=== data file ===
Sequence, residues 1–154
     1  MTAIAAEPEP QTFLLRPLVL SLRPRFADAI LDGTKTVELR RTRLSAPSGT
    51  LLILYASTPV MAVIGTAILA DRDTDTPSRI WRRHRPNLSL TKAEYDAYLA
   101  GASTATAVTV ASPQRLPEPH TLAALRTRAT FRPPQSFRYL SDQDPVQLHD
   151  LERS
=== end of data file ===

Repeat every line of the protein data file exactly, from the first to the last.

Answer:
Sequence, residues 1–154
     1  MTAIAAEPEP QTFLLRPLVL SLRPRFADAI LDGTKTVELR RTRLSAPSGT
    51  LLILYASTPV MAVIGTAILA DRDTDTPSRI WRRHRPNLSL TKAEYDAYLA
   101  GASTATAVTV ASPQRLPEPH TLAALRTRAT FRPPQSFRYL SDQDPVQLHD
   151  LERS